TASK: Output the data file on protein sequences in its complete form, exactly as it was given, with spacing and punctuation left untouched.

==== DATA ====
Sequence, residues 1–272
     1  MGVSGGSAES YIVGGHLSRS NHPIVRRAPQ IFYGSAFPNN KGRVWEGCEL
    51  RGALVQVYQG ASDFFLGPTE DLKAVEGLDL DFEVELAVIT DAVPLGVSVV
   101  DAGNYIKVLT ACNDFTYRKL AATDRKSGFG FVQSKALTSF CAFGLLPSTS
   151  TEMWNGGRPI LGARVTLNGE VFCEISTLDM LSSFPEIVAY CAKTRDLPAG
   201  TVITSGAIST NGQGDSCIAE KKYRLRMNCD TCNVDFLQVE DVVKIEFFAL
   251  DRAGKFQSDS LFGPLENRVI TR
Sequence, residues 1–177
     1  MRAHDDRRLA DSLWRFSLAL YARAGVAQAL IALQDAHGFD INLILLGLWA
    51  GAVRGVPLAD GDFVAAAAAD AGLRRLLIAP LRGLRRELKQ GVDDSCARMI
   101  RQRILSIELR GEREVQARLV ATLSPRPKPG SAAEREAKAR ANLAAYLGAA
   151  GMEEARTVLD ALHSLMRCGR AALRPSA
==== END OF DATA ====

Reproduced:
Sequence, residues 1–272
     1  MGVSGGSAES YIVGGHLSRS NHPIVRRAPQ IFYGSAFPNN KGRVWEGCEL
    51  RGALVQVYQG ASDFFLGPTE DLKAVEGLDL DFEVELAVIT DAVPLGVSVV
   101  DAGNYIKVLT ACNDFTYRKL AATDRKSGFG FVQSKALTSF CAFGLLPSTS
   151  TEMWNGGRPI LGARVTLNGE VFCEISTLDM LSSFPEIVAY CAKTRDLPAG
   201  TVITSGAIST NGQGDSCIAE KKYRLRMNCD TCNVDFLQVE DVVKIEFFAL
   251  DRAGKFQSDS LFGPLENRVI TR
Sequence, residues 1–177
     1  MRAHDDRRLA DSLWRFSLAL YARAGVAQAL IALQDAHGFD INLILLGLWA
    51  GAVRGVPLAD GDFVAAAAAD AGLRRLLIAP LRGLRRELKQ GVDDSCARMI
   101  RQRILSIELR GEREVQARLV ATLSPRPKPG SAAEREAKAR ANLAAYLGAA
   151  GMEEARTVLD ALHSLMRCGR AALRPSA